RECORDS / Light from the darkness: Edward Seckerson and Stephen Johnson clash over choral works by Brahms

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BRAHMS: Alto Rhapsody.

Song of Destiny. Marienlieder.

Nathalie Stutzmann, Bavarian

Radio SO and Chorus / Davis

(BMG/RCA 09026 61201-2)

PERFECTLY formed, not so small. Even the unaccompanied Marienlieder prove deceptively rich, their old-world churchiness seasoned with little dramatic elaborations: the voices of angels multiplying and uniting at the close of 'The Angel's Greeting', the sudden clamour of bells in the extraordinary 'Mary Goes to Church'.

No question as to the quality of the choral singing: a beautifully integrated sound, flexible and quick of reflex - an ideal choral counterpart to the well- rounded Bavarian orchestra. Together they are a consoling alliance in the Schiller setting Nanie: the sweet, distinctive Bavarian oboe could hardly be more inviting, and Sir Colin Davis duly finds the heart of this piece in a breathless pianissimo around the words das Schone vergeht ('that beauty must fade'). After which the suffocating colours of 'tragic' Brahms - trombone-heavy with cleaving upper strings - bear down on Goethe's Gesang der Parzen.

The star attraction is the Alto Rhapsody - and given that one star attraction deserves another, RCA brings on the remarkable Nathalie Stutzmann. The pronounced tension here between her dark, secretive lower register (a contralto colour of Ferrier- like intensity) and plangent top lends increased pathos to this most personal of the composer's choral miniatures. But then there's Schicksalslied, 'Song of Destiny' after Holderlin - heavenly bliss versus earthly strife - which leaves me in no doubt where Brahms believed his troubled journey would end; beyond the silver lining or not at all.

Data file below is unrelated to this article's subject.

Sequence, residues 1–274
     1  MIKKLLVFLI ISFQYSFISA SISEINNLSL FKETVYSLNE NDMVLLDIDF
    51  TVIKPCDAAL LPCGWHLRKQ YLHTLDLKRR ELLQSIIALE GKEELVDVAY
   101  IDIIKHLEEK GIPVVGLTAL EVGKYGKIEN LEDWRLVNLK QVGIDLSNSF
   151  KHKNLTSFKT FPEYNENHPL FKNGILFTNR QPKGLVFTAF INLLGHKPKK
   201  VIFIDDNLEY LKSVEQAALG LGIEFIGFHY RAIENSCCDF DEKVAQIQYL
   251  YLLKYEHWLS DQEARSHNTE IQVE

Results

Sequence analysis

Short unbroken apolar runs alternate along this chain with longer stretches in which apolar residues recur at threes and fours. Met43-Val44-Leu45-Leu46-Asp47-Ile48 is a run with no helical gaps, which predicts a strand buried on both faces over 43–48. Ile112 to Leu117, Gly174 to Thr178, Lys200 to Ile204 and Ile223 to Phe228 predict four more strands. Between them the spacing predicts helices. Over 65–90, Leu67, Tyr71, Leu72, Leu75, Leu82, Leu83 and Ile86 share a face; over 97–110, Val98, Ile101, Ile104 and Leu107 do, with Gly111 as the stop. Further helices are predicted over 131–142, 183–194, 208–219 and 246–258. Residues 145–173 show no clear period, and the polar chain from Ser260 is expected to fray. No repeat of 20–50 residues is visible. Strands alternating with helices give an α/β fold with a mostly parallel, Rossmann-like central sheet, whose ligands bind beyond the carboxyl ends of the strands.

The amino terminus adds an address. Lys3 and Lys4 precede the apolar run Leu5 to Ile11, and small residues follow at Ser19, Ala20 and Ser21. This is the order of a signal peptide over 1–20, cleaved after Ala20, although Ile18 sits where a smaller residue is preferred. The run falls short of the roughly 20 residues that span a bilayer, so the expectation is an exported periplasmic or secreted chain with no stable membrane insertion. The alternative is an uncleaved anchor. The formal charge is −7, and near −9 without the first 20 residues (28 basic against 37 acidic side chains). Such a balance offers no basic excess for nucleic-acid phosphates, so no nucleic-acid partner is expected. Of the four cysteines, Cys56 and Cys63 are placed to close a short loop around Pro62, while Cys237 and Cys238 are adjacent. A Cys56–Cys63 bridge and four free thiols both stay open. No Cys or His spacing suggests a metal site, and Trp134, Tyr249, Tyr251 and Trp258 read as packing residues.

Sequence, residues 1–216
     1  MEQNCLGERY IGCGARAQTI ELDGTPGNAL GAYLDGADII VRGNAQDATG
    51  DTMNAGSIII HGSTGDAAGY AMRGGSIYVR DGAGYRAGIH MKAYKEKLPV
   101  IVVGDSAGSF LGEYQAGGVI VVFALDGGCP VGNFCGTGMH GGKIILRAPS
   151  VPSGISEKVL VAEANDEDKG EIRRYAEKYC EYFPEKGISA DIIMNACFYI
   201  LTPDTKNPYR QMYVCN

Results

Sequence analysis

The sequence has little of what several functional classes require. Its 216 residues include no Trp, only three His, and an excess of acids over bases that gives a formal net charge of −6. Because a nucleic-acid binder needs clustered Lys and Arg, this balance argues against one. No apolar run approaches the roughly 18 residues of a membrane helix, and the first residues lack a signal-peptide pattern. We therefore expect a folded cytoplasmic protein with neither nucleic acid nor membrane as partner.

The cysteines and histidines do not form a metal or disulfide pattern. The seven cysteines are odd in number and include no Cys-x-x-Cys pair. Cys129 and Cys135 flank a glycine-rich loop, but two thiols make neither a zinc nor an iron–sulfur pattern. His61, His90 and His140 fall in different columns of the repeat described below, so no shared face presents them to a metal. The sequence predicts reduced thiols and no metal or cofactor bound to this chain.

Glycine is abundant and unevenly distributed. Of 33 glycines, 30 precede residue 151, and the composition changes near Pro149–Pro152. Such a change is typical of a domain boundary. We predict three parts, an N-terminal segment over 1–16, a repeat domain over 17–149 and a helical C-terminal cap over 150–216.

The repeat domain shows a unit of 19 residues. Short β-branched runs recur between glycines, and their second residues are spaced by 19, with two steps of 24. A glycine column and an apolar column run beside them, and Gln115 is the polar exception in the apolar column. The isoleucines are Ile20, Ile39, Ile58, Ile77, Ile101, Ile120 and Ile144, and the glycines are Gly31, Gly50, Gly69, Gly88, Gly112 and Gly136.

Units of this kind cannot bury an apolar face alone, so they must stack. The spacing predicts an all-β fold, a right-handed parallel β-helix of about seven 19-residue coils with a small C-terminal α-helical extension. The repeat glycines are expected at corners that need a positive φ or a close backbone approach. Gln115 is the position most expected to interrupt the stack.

Davis would seem to share that philosophy, so luminously do he and his orchestra frame the main body of the piece. ES

IF DAVIS had shown the kind of form he did in his recent Eroica, if the orchestra and chorus had lived up to their reputation and Stutzmann to her rising star status, this glorious music could have bloomed fully. Instead there's an almost constant feeling that the performers haven't quite got there. The string figures that open the 'Song of Destiny' aspire warmly enough, but the chorus has a lustreless quality - no radiance here - and the sopranos' intonation falters later on. And while one can virtually feel Davis working to lift phrases, urging on crescendos, in fact doing all he can to raise the temperature, the needle continues to hover around the lukewarm mark.

Perhaps the slightly dull recorded sound doesn't help. But even if everything were clear and bright as a bell I think I'd still have doubts. Stutzmann sings and enunciates very expressively in the Alto Rhapsody, but there's a hard, tense quality in the voice that bothers me even when her phrasing is at its most telling. In fact the things I enjoyed most on this disc were the unaccompanied Marienlieder - hauntingly simple recreations of the spirit of folk and old church song, but at the same time echt Brahms. Here the Bavarian Radio Choir manages at last to sound as though it loves the music, and the more intimate recording picture helps too. The final verdict? A near miss perhaps, but a miss nevertheless. SJ